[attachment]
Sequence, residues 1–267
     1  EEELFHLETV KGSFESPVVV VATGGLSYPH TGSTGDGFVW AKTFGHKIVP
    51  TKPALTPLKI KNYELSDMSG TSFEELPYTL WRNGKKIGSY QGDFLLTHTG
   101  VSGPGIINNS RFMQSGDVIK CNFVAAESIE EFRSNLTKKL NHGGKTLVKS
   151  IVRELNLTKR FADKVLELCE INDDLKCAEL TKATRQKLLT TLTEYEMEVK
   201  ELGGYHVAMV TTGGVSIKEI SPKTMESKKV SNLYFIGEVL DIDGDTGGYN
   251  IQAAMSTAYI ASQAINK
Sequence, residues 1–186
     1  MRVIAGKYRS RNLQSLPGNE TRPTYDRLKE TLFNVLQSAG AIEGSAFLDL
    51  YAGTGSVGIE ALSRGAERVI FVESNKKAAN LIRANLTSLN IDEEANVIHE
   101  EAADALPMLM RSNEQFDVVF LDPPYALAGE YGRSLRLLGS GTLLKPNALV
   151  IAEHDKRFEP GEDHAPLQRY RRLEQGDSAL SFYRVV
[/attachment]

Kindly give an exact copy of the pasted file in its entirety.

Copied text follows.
Sequence, residues 1–267
     1  EEELFHLETV KGSFESPVVV VATGGLSYPH TGSTGDGFVW AKTFGHKIVP
    51  TKPALTPLKI KNYELSDMSG TSFEELPYTL WRNGKKIGSY QGDFLLTHTG
   101  VSGPGIINNS RFMQSGDVIK CNFVAAESIE EFRSNLTKKL NHGGKTLVKS
   151  IVRELNLTKR FADKVLELCE INDDLKCAEL TKATRQKLLT TLTEYEMEVK
   201  ELGGYHVAMV TTGGVSIKEI SPKTMESKKV SNLYFIGEVL DIDGDTGGYN
   251  IQAAMSTAYI ASQAINK
Sequence, residues 1–186
     1  MRVIAGKYRS RNLQSLPGNE TRPTYDRLKE TLFNVLQSAG AIEGSAFLDL
    51  YAGTGSVGIE ALSRGAERVI FVESNKKAAN LIRANLTSLN IDEEANVIHE
   101  EAADALPMLM RSNEQFDVVF LDPPYALAGE YGRSLRLLGS GTLLKPNALV
   151  IAEHDKRFEP GEDHAPLQRY RRLEQGDSAL SFYRVV